As far as I understand Hermes is asking is there a distinction between an Axiom and a Postulate. He find it hard to believe. Is this correct Hermes am I understanding it correct?



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LJGraey
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« Reply #4 on: March 13, 2012, 17:15:06 PM » 

I'm starting to wonder if that hissing in my ears isn't coming from my brain... This is going to keep me busy for a while...



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BoogieMonster
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« Reply #5 on: March 13, 2012, 17:28:32 PM » 

I heard this cool poem once: "Lines that are parallel meet at Infinity!" Euclid repeatedly, heatedly, urged.
Until he died, and so reached that vicinity: in it he found that the damned things diverged.



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Mefiante
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« Reply #6 on: March 13, 2012, 17:32:56 PM » 

An axiom is not the same thing as a postulate. An axiom is applicable to formal systems (chiefly, logic and mathematics) and is a selfevident truth, whereas a postulate applies to natural sciences and is something that is a foundational principle that is held to be true because no reliable observations have ever shown it to be false. Before Russell and Whitehead proved that “1+1 = 2” using propositional logic calculus, this would have been an axiom of arithmetic. In contrast, Einstein’s idea that the speed of light is the same in all inertial frames constitutes a postulate. We cannot conceive of a fuzzy, imprecise situation in which “1+1 ≠ 2” without either being contradictory or perverting the meaning of the symbols that are used, or both, while it is hardly challenging to imagine inertial frames in which Einstein’s postulate doesn’t hold (in fact, our intuitive Galilean conception requires it). In this way, “1+1 = 2” becomes a universal truth with zero room for error, as derived ultimately from laws of logic that are themselves axiomatic. If these laws of logic are subverted, it is not possible to construct a consistent arithmetic, so these axioms bootstrap themselves as universal truths as well because their falsity leads inevitably to absurdities that we cannot experience.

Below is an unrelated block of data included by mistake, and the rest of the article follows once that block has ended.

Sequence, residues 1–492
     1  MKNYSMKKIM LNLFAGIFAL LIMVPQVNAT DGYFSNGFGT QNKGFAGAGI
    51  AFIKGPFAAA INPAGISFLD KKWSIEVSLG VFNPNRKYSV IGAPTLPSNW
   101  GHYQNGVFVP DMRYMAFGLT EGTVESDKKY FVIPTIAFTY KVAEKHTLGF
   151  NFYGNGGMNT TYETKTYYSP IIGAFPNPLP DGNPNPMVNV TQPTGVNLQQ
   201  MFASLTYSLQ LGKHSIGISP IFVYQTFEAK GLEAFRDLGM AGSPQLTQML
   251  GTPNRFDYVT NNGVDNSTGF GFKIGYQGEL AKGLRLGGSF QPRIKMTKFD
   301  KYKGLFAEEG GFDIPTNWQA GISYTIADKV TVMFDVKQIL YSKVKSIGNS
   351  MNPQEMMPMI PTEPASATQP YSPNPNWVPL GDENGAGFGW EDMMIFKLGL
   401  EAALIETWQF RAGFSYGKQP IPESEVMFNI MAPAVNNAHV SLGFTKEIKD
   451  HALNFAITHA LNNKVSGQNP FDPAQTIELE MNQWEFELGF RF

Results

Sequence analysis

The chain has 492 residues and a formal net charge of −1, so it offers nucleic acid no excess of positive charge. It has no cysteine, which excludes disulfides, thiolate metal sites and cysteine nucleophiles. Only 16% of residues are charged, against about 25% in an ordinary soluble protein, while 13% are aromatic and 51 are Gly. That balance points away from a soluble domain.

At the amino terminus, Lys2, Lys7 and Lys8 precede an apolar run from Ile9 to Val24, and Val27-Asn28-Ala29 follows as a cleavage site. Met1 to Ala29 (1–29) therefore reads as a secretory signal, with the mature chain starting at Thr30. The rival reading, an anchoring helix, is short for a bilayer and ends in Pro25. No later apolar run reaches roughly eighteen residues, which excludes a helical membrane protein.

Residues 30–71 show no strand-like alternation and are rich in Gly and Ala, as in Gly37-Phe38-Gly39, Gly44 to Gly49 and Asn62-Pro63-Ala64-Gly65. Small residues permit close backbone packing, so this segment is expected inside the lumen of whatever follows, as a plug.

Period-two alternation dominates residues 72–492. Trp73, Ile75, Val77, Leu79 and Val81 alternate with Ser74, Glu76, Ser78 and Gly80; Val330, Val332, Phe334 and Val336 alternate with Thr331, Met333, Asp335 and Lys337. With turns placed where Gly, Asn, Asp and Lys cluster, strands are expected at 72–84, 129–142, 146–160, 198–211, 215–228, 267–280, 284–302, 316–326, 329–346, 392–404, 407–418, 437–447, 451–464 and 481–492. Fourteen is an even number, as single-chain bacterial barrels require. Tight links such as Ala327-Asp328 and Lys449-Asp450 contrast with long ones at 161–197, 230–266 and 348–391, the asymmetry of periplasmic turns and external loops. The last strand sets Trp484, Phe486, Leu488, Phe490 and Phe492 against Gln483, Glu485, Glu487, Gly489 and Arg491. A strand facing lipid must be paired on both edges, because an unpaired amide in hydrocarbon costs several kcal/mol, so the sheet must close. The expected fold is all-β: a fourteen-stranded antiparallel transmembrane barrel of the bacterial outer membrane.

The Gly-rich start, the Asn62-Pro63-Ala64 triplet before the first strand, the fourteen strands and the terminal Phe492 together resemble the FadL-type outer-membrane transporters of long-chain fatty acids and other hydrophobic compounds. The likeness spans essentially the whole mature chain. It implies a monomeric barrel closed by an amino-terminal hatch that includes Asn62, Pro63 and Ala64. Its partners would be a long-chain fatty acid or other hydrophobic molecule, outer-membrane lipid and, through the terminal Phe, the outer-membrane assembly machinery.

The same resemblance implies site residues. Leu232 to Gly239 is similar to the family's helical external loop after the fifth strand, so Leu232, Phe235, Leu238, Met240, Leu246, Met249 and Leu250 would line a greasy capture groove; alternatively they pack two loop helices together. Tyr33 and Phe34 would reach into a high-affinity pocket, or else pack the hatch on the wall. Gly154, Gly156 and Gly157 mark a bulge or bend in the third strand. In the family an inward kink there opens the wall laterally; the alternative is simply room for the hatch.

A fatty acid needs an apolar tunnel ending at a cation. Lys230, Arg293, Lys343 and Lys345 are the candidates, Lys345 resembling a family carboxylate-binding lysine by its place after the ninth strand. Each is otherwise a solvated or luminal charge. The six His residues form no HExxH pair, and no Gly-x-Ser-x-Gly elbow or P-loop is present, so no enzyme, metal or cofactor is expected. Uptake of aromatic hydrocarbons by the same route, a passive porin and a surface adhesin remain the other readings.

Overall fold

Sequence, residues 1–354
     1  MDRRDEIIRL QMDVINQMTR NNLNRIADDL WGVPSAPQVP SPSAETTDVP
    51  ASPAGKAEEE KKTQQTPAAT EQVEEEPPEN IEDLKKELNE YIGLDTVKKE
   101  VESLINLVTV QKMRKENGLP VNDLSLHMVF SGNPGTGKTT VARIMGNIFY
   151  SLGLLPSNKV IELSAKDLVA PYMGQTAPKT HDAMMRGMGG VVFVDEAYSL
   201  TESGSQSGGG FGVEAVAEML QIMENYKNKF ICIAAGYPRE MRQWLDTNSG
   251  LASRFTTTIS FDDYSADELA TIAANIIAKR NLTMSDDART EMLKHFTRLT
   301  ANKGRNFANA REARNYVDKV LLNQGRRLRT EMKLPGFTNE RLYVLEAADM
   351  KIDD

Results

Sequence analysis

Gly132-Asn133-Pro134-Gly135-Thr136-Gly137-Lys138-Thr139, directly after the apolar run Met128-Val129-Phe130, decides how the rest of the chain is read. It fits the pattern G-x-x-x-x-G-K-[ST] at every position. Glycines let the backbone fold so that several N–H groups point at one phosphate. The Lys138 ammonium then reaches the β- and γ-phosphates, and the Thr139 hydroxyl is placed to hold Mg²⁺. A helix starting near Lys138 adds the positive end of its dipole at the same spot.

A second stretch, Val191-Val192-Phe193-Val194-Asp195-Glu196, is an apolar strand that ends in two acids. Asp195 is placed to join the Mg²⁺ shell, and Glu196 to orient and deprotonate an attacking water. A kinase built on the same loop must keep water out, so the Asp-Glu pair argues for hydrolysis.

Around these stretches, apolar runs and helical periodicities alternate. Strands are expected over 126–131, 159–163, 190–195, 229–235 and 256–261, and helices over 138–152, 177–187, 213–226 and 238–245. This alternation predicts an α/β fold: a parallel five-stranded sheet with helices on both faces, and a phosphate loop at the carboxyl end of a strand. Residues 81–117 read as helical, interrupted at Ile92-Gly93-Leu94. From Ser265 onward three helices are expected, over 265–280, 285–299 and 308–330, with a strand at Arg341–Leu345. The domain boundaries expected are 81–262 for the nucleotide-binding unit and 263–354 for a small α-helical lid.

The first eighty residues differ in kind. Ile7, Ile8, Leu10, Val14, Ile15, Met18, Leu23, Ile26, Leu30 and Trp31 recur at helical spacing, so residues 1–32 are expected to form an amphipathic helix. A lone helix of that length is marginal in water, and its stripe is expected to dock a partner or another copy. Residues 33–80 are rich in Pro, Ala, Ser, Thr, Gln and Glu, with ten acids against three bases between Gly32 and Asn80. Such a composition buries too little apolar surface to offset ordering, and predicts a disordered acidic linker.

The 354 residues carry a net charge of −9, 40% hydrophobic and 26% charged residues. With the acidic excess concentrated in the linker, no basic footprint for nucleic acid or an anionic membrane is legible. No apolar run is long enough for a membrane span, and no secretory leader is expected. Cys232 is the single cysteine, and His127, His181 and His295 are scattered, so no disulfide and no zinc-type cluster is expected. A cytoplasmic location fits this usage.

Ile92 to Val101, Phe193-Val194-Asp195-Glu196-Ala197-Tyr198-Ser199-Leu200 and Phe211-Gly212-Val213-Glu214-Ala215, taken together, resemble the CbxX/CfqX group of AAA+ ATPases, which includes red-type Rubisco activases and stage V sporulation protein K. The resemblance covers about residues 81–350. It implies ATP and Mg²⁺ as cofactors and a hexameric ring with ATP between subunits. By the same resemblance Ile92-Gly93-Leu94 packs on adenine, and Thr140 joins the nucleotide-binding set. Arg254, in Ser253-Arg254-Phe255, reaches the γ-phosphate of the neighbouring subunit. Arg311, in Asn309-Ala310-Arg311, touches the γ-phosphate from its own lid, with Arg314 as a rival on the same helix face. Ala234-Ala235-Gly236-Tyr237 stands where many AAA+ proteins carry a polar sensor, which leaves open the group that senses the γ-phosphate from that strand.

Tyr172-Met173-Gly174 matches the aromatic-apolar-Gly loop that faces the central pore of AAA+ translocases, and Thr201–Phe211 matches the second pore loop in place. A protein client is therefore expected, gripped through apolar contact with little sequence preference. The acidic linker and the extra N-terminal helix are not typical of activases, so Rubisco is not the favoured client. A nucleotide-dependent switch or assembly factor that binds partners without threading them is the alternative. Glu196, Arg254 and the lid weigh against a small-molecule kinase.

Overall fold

'Luthon64



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Superman
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« Reply #7 on: March 13, 2012, 17:52:55 PM » 

Thank you Mefiante. I read understand and then have to read again to make sure I understand it correct. But it will sink in.



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Hermes


« Reply #8 on: March 13, 2012, 21:50:23 PM » 

Wikipedia does not distinguish between an axiom and a postulate. I have misread the article and apologize for the misinformation. As far as I understand Hermes is asking is there a distinction between an Axiom and a Postulate. He find it hard to believe. Is this correct Hermes am I understanding it correct? I find it hard to distinguish. Again ‘A thing is itself’ or a cat is a cat. I have come across literature where "a cat is a cat" is presented as an "axiom of definition". In my opinion it is a circular argument and says nothing about the existence of universal truth. "Lines that are parallel meet at Infinity!" Euclid repeatedly, heatedly, urged.
Until he died, and so reached that vicinity: in it he found that the damned things diverged. Did Piet Hein become a poet because he failed geometry?



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Hermes


« Reply #9 on: March 13, 2012, 22:00:42 PM »